Willie Baptist, author, Pedagogy of the Poor book tour

Families for Justice welcomes Willie Baptist and John Wessel-McCoy of Union Theological Seminary’s Poverty Initiative! Do not miss the opportunity to hear these nationally recognized leaders in the fight against poverty, speaking right here in Clark County. (They agreed to stop in Portland too. ;-))

Willie Baptist is the Poverty Initiative’s Scholar-In-Residence, a formerly homeless father with over 40 years of experience organizing among the poor. John Wessel-McCoy is a former labor organizer and current project organizer with the Poverty Initiative, which is dedicated to raising up generations of religious and community leaders committed to building a movement to end poverty, led by the poor:

VANCOUVER, WA: Thursday, March 22, at 6:30pm, two Poverty Scholars will visit Church of the Good Shepherd from the Poverty Initiative at Union Theological Seminary in New York City. This lecture and question and answer event will be open to the public, in the sanctuary, and is offered as part of the Thursday Light class, “Poverty and the Bible.” This is a unique opportunity to hear two nationally recognized leaders offer stories, insights, and hopes for faithful people – don’t miss it! Admission is free, donations warmly appreciated. Copies of Poverty Initiative publications, including their latest book “Pedagogy of the Poor,” will be available for purchase.

PORTLAND, OR: Saturday, March 24th, at Sisters of the Road Cafe

Afternoon workshop: 1:00 pm to 5:00 pm. A workshop with a focus on history of poor people’s movements in the U.S.and community organizing. Limited space is available – please call Monica at 503-222-5694, ext. 19 or e-mail monica@sistersoftheroad.org to sign up!

Evening event: 6:30 pm – 8:00 pm. Book talk on “Pedagogy of the Poor” open to the public. $0-$10 suggested donation to help the travelers, no one turned away for lack of funds.

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Families for Justice: What we’re up to…

Families for Justice (Clark County) is working on opening our cafe, an assets-building project that draws inspiration from the 1968 Poor People’s Campaign that Martin Luther King helped to organize along with low-income community leaders just like us.
We expect to open in Fall of 2012. Right now we are busy fundraising for this project, and we will soon have ways you can help on this website. Stay tuned…
In the mean time, we are already building leadership to end poverty in Clark County, Washington.
Who are we? We are a network of families, faith communities, and individuals, of different races, religions, and income levels working together.
Since Spring of 2011 we have been getting together to strategize about how best approach anti-poverty work in the unique community of Clark County. We’ve been sharing stories about our families struggles and dreams, learning about our community’s history, sharing knowledge about public benefits, and singing songs together. (Really, we do…I have proof.)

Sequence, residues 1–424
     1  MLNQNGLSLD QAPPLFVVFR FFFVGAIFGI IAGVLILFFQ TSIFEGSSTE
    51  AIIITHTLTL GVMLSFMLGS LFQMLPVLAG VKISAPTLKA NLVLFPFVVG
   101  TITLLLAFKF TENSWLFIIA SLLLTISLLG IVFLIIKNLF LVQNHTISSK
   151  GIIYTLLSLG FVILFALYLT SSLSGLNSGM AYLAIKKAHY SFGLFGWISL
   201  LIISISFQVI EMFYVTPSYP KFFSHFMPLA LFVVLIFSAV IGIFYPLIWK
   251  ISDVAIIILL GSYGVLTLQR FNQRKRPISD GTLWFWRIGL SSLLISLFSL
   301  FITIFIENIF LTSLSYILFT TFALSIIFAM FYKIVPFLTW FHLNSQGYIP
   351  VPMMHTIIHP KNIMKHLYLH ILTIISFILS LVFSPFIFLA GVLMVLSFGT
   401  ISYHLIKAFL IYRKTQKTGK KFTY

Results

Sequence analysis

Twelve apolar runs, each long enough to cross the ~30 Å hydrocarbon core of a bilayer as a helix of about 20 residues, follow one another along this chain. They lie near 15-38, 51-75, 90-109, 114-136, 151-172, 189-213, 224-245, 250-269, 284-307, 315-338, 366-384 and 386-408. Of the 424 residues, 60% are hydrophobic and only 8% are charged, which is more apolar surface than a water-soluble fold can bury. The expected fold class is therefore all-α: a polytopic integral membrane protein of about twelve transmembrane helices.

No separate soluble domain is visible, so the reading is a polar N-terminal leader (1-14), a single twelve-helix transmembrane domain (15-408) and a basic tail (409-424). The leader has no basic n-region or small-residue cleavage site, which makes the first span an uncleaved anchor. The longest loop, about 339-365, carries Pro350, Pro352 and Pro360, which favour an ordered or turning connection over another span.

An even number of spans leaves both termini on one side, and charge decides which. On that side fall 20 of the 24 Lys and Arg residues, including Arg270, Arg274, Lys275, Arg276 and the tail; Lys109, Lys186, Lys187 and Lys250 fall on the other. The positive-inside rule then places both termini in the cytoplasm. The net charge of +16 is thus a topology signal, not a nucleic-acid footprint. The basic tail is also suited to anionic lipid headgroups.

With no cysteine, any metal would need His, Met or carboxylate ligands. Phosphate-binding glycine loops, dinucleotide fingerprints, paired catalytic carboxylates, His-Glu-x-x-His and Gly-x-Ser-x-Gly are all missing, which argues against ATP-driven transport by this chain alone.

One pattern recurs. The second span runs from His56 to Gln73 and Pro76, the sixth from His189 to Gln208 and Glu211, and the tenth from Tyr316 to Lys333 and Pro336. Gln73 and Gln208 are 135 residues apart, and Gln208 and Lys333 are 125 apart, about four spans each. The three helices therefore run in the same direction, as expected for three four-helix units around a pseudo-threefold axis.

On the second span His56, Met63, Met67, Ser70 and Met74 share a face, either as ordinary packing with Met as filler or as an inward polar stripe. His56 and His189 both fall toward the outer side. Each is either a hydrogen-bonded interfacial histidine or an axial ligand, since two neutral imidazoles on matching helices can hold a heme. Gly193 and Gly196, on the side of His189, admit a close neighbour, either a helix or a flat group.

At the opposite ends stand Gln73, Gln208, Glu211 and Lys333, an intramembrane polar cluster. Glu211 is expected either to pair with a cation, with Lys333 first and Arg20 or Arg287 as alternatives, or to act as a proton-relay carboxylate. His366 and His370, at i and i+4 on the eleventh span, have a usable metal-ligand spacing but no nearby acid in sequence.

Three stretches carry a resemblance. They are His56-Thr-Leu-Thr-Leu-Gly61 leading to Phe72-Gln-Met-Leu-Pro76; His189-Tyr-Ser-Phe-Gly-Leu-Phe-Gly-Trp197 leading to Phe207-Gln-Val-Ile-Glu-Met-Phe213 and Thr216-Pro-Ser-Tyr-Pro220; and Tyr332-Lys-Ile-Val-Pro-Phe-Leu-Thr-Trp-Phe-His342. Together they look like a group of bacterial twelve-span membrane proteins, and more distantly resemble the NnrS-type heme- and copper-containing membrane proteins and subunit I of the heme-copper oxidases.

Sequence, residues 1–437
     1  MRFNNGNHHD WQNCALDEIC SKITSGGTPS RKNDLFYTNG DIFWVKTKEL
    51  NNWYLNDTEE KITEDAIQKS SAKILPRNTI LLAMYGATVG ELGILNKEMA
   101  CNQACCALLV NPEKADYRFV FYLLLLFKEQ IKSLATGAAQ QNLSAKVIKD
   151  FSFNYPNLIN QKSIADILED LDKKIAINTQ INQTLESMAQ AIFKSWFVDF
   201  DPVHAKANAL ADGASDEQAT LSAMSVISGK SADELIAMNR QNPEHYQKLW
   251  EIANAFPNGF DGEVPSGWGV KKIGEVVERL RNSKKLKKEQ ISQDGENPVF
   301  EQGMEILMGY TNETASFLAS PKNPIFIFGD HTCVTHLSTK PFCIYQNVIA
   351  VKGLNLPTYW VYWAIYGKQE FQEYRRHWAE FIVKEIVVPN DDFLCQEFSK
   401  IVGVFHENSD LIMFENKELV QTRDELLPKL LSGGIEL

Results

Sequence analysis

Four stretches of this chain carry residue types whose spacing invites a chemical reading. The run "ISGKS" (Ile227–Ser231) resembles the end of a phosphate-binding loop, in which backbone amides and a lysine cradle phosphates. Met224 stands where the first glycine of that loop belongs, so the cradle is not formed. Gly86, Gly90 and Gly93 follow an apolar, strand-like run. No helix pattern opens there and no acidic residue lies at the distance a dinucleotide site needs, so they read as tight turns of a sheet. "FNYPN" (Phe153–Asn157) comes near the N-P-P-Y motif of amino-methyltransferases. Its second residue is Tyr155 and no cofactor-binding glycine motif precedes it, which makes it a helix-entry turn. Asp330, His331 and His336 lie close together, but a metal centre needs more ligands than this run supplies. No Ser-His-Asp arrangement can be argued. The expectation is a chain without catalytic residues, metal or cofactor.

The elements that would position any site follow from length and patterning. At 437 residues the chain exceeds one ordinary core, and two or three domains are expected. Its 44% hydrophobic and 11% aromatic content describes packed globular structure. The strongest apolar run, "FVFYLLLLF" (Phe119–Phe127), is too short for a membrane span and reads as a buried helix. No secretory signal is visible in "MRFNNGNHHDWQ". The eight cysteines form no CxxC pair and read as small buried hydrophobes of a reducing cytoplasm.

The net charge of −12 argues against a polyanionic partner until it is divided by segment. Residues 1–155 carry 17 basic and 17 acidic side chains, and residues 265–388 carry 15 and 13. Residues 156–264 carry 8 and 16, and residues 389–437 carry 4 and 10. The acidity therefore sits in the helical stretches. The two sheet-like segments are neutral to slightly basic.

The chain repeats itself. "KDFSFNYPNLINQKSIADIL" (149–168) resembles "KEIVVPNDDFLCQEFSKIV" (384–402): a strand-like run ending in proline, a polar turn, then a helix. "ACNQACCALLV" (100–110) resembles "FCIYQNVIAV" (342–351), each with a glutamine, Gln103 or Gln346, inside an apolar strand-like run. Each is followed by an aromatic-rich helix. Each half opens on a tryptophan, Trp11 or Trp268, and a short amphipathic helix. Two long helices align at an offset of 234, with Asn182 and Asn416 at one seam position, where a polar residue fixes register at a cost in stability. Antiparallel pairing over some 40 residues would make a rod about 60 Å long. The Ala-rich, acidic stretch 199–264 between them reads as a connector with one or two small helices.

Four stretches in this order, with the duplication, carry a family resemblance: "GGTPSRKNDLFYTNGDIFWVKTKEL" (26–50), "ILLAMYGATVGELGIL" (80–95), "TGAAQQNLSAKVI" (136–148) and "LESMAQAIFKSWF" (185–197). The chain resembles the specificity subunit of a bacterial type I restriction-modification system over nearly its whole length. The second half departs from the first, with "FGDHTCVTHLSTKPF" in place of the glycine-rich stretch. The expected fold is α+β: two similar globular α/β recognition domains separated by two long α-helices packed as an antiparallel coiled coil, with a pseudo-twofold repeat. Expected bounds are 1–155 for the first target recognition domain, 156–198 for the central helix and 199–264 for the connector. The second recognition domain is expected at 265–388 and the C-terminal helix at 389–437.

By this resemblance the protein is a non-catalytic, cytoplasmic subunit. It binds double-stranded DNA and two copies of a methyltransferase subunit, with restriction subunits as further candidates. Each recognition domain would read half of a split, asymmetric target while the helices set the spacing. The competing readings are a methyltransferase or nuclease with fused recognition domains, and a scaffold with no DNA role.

What our work has been like:
*We marched with thousands of people in Olympia in 2011 for Martin Luther King Day, speaking out about economic and racial disparities.
*Teach-ins and preach-ins: We’ve put on community “teach-ins” about the Poor People’s Campaign and what we can learn from it for today. Working with faith communities, we’ve come as guests to share about poverty issues, our life experiences, and the solutions we hope and fight for.
*Two of our leaders attended the Poverty Initiative’s Poverty Scholars Leadership Institute this summer in Wilkes-Barre, PA. We toured leadership-development based poverty organizations on the East Coast, and went on “reality tours” of Wall Street, and Wilkes-Barre, PA, a community that reminded us of home.
*We participated in the making of a video documentary about public benefits, and recorded audio tributes to single mothers for Mother’s Day at the Columbia River CSO with POWERDOWN new media project.
*We learned local history, visiting the Veteran’s farming project at the site of the old “poor farm” and other cool places…
*We participated in the community homeless count in East Clark County, where volunteers were lacking.
What next? Stay tuned for…
*Activist Willie Baptist will be visiting us to speak about his new book Pedagogy of the Poor.
*Award-winning poet Susan Deborah (Sam) King will lead us in a writing workshop  for her upcoming anthology of poetry about poverty and social change.
*Results from the survey we are conducting about our mission and membership structure will be published.
*Learn more about the people of Families for Justice.
*More cafe development!

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